Australian Geographic - - Your Say -

I have just fin­ished read­ing Our most brave (AG 147).The courage and self-sac­ri­fice of these he­roes is some­thing of which all Aus­tralians should be proud.You men­tion the award is not fully rep­re­sen­ta­tive of our mil­i­tary his­tory be­cause no Aus­tralian naval of­fi­cer or sailor has been hon­oured with a Vic­to­ria Cross.This should be reme­died. One of the most in­spir­ing sto­ries of Aus­tralia’s naval his­tory should echo through the hall of val­our at the Canberra war me­mo­rial and its hero, Or­di­nary Sea­man Ed­ward (Teddy) Sheean, should be revered as one of our most fa­mous vet­er­ans.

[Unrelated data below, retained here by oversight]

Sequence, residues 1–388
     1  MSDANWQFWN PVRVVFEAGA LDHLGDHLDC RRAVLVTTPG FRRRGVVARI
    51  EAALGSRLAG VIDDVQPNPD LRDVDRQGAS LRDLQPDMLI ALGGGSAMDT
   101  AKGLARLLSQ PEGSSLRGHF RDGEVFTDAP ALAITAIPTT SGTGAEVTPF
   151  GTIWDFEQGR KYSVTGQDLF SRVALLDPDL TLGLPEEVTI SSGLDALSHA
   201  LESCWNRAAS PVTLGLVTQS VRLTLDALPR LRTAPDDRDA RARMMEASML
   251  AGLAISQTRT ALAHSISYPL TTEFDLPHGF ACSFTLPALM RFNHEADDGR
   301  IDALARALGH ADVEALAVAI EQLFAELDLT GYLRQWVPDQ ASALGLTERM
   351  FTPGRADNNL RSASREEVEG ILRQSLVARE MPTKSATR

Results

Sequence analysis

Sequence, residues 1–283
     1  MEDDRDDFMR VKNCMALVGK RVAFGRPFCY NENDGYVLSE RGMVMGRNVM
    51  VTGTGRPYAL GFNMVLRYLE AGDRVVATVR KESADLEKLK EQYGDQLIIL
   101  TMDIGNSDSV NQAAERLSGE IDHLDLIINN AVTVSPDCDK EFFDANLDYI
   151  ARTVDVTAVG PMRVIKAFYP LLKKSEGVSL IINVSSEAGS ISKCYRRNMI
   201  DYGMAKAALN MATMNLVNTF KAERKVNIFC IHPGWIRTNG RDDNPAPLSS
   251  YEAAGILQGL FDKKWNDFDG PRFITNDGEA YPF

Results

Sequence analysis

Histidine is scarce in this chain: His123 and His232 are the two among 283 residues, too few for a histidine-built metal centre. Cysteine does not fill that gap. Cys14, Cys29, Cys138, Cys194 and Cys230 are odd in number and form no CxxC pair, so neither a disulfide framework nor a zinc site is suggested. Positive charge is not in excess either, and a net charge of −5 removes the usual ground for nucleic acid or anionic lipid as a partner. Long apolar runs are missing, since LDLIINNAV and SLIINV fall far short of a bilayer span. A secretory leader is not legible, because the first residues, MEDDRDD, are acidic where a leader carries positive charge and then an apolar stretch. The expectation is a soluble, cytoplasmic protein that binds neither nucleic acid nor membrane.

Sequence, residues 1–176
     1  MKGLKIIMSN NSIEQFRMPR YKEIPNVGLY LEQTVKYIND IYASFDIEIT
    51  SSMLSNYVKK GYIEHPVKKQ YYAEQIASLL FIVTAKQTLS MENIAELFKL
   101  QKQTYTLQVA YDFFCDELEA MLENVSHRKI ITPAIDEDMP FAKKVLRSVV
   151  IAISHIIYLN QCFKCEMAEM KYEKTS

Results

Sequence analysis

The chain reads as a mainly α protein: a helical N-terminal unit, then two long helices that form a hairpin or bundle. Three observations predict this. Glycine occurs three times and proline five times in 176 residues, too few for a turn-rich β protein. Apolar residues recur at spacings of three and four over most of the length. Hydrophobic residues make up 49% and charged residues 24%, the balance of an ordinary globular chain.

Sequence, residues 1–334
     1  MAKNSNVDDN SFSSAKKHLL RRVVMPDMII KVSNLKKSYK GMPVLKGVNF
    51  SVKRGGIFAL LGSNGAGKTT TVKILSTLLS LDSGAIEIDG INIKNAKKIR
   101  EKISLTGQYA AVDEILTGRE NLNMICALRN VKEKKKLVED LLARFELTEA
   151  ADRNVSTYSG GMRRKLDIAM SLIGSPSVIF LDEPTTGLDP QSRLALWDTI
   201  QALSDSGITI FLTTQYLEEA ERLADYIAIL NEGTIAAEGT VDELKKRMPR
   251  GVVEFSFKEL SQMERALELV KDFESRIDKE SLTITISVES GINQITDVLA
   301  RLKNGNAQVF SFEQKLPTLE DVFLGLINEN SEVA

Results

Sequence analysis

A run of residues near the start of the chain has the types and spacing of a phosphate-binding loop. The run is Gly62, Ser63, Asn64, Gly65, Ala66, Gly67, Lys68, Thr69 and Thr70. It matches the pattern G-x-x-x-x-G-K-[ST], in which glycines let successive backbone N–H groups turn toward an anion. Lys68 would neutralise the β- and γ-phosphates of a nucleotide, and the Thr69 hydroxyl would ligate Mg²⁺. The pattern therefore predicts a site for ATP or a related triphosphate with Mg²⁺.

Teddy sac­ri­ficed his life to save crew mem­bers af­ter his ship, HMAS Ar­mi­dale, was struck in 1942 by tor­pe­does in Be­tano Bay, off East Ti­mor. As the Ar­mi­dale was sink­ing there was an or­der to aban­don ship, but as Teddy was re­leas­ing a lifeboat, a re­turn­ing Ja­panese fighter strafed those try­ing to es­cape.Teddy was in­jured and, rather than aban­don­ing ship, strapped him­self to an Oer­likon 20mm can­non and en­gaged the en­emy, ef­fec­tively pre­vent­ing the Ja­panese air­craft from straf­ing sur­vivors in the wa­ter. He con­tin­ued to fire as his ship sank, with wit­nesses re­port­ing see­ing tracer bul­lets be­ing fired from be­neath the sur­face. Teddy must have known as he lashed him­self to the weapon that he had sealed his fate. He chose to sac­ri­fice his young life [he was just 19] to save his

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